SAN FRANCISCO, Aug 1 (Reuters) – Bond insurer Assured
Guaranty, facing massive losses in Stockton,
California’s bankruptcy, on Wednesday said the largest U.S.
public pension fund, Calpers, was getting preferential treatment
That may set the stage for a fight over whether cities in
dire circumstances legally have the ability to change
obligations under pension plan benefits agreed to in much better
times. Calpers, the California Public Employees’ Retirement
System, so far has said that the cities don’t have that ability.
SAN FRANCISCO (Reuters) – California may be struggling to make ends meet, but Governor Jerry Brown is still thinking big.
The 74-year-old governor is championing major public works projects, including a statewide bullet train network and giant tunnels for delivering fresh water, even as he tries to convince voters to approve a tax increase in the fall.
SAN BERNARDINO, California (Reuters) – San Bernardino, the third California city planning to file for bankruptcy since June, voted to stop debt payments, freeze vacant jobs and quit paying into a retiree health fund under a three-month emergency proposal submitted to the city council on Tuesday.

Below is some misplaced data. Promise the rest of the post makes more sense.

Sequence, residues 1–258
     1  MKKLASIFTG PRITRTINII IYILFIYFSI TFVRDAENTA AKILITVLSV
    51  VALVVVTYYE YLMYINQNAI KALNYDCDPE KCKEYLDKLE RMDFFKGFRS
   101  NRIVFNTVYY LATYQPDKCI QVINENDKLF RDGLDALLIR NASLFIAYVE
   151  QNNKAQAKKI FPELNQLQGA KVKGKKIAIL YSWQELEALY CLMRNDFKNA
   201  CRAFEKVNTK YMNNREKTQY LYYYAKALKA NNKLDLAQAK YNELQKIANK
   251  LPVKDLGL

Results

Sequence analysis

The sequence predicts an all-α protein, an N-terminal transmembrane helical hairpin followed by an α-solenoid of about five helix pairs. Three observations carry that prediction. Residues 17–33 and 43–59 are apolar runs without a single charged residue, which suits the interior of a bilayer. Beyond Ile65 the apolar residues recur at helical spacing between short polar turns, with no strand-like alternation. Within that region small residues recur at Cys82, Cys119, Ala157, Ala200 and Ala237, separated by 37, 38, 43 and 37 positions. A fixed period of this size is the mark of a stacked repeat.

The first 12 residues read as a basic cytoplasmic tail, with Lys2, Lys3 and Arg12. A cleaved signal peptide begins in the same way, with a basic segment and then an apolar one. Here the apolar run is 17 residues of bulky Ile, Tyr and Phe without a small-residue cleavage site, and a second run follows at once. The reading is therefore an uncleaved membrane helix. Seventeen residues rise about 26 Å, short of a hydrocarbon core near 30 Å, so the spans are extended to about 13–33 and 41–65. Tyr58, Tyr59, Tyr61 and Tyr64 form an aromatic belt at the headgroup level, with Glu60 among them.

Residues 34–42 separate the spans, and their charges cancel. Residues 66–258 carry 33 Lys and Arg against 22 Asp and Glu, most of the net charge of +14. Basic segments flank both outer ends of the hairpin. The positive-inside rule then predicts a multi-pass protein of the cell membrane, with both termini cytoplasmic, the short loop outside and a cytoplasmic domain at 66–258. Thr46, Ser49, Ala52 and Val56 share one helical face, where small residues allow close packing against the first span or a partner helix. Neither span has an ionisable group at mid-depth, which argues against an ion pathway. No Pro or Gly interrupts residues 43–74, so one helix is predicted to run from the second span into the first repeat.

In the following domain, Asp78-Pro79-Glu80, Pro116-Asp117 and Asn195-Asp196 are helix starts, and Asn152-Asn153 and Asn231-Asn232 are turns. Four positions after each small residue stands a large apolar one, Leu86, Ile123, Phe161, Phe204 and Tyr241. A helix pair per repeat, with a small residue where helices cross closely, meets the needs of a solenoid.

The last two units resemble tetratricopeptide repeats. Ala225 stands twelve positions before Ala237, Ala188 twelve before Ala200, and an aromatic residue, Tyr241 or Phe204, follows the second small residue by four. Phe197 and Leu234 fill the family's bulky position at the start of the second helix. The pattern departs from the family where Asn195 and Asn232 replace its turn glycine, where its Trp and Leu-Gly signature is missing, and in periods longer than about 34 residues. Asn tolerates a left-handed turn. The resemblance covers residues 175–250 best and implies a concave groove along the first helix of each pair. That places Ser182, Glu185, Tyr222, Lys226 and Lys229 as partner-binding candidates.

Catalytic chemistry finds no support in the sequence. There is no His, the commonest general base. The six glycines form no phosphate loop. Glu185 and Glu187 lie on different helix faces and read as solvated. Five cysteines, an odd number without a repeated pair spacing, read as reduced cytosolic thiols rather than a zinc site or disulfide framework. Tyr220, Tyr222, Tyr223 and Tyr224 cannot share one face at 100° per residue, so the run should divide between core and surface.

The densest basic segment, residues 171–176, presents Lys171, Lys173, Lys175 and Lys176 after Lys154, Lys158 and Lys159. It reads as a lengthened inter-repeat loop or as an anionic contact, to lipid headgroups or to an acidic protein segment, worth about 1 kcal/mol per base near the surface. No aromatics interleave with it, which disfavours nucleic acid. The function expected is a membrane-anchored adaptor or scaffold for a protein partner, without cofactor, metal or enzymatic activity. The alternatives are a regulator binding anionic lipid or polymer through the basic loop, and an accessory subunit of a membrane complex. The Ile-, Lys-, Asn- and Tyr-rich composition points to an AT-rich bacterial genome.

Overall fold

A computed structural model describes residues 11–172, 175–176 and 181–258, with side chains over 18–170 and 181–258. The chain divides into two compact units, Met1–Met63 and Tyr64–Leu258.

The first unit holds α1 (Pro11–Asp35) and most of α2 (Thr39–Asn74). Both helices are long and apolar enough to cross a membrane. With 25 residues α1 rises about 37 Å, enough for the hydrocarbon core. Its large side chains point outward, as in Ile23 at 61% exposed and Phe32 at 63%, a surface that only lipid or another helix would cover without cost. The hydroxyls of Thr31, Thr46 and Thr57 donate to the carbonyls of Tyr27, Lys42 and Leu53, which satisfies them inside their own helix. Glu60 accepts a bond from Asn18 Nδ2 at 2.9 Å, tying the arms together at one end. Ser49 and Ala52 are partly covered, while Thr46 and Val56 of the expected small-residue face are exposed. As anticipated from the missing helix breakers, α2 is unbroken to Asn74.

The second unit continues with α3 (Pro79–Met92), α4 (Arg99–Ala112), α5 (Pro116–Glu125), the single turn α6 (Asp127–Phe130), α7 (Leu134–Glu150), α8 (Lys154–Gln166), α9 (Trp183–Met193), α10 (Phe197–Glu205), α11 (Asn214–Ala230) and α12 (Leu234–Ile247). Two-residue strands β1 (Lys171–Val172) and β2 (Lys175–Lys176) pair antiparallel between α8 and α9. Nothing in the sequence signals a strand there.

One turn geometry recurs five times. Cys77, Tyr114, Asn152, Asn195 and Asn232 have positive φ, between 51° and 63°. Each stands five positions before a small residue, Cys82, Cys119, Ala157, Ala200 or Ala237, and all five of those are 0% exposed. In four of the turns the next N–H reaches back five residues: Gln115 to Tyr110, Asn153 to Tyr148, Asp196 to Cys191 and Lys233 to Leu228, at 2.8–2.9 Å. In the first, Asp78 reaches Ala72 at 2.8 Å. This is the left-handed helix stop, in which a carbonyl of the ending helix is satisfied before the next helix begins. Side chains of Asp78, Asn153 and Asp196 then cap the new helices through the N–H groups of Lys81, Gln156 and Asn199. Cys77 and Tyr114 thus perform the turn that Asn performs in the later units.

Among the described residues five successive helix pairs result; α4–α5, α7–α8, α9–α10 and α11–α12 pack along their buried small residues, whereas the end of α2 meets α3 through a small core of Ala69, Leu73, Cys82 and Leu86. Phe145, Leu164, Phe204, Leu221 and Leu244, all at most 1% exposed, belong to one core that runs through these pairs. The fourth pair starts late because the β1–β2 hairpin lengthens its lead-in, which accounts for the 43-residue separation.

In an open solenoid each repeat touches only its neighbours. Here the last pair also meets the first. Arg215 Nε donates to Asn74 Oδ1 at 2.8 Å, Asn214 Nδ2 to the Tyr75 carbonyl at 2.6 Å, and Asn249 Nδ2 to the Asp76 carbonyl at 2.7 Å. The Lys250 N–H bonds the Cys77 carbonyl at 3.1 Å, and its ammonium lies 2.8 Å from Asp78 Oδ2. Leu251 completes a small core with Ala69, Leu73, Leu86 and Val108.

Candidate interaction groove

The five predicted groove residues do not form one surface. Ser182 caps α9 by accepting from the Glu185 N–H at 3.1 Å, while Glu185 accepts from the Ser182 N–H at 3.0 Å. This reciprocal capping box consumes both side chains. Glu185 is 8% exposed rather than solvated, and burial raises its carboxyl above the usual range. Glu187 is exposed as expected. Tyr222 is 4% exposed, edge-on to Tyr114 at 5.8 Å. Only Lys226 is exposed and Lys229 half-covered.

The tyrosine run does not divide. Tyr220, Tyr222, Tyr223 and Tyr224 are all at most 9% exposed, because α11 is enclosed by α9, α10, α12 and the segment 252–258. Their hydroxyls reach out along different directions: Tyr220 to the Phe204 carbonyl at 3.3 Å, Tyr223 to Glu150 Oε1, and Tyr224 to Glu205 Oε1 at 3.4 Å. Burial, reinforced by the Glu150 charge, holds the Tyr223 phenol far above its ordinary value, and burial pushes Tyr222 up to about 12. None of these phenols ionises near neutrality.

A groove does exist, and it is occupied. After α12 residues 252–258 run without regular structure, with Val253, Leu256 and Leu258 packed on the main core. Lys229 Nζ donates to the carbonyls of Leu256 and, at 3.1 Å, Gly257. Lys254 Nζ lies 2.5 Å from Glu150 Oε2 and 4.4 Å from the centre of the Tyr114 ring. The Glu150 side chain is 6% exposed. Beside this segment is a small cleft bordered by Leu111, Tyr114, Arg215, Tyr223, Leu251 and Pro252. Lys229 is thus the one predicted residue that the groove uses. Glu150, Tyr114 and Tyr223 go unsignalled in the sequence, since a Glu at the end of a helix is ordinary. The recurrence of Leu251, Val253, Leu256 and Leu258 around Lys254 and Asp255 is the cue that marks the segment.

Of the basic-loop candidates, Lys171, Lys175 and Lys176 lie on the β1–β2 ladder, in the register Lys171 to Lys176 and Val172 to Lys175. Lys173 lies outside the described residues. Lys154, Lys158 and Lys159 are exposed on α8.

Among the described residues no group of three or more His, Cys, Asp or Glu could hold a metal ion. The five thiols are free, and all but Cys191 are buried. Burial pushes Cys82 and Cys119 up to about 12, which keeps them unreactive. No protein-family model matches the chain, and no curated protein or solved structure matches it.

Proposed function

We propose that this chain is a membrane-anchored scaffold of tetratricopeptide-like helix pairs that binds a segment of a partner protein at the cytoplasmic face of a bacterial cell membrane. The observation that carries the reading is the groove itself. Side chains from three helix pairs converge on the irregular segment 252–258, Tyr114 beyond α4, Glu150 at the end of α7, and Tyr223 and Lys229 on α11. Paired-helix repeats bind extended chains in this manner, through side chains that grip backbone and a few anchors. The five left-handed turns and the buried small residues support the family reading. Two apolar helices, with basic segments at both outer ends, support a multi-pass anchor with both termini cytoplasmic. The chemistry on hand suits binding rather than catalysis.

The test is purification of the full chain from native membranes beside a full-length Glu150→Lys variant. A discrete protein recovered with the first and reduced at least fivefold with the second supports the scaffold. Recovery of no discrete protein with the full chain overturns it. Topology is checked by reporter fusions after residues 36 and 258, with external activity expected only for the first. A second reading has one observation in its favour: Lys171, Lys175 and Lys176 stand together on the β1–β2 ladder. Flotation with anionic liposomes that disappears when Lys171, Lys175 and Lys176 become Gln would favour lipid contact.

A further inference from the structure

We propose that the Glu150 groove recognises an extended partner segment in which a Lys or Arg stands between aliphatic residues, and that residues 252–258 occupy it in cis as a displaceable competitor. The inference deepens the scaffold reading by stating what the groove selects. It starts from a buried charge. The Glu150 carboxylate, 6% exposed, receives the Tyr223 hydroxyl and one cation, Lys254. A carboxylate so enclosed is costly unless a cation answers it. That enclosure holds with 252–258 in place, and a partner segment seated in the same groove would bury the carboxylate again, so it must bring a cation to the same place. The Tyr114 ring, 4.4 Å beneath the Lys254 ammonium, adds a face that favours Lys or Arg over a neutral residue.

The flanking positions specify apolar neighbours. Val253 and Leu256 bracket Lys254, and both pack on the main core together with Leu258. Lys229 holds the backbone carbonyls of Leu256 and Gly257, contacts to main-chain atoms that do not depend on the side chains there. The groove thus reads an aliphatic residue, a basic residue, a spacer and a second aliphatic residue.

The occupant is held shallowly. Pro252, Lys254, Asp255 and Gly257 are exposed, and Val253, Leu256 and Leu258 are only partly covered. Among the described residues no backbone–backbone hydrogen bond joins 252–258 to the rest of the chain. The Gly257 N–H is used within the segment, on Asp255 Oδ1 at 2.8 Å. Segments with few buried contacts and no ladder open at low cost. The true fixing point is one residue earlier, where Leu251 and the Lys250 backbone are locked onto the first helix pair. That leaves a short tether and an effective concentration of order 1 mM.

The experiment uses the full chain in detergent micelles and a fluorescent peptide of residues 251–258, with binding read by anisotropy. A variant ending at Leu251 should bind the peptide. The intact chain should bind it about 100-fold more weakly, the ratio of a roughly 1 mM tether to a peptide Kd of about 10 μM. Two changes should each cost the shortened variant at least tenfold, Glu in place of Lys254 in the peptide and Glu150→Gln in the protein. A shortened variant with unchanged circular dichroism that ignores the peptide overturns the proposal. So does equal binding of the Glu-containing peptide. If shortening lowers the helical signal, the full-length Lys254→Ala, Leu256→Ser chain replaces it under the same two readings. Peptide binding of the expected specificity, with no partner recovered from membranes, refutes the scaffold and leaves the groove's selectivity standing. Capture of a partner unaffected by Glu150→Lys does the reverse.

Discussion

The city is preparing a longer-term plan to make it through its expected bankruptcy period, when it will financially regroup under court protection from a financial hole created by a combination of the bad economy and poor management.
SAN FRANCISCO (Reuters) – San Bernardino, California, which is planning to file for bankruptcy, would suspend payments on pension obligation bonds and other debt under a three-month proposal to be submitted to the city council on Tuesday.
A package of materials on the city council’s website included the plan for July-September of this year.
SAN FRANCISCO, July 20 (Reuters) – Stockton, California, the
largest U.S. city to file for bankruptcy, never came close to
striking deals with key creditors in talks before it sought
court protection, the city disclosed on Friday in documents
illustrating its stark choices.
The city’s bond insurers snubbed proposals from managers of
the city of nearly 300,000 in California’s Central Valley, where
crime and unemployment have soared as the housing market fell.
Retired city employees and fire and police unions over three
months made some headway, but in the end the only tentative
deals were with six other unions.